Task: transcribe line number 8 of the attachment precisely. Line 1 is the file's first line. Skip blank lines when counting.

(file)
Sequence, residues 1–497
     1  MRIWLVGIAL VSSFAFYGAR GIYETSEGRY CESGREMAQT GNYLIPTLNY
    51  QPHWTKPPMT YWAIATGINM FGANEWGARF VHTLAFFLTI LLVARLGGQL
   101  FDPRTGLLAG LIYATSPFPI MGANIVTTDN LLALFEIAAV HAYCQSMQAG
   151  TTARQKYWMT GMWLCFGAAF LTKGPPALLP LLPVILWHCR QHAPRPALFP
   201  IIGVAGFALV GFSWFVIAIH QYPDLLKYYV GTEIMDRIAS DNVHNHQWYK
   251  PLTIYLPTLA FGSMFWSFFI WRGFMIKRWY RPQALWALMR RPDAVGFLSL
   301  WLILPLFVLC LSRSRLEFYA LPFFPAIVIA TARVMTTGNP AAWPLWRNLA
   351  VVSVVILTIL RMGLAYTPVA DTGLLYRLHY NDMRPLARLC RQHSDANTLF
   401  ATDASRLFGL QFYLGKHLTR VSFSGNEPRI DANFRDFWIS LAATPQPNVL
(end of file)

   301  WLILPLFVLC LSRSRLEFYA LPFFPAIVIA TARVMTTGNP AAWPLWRNLA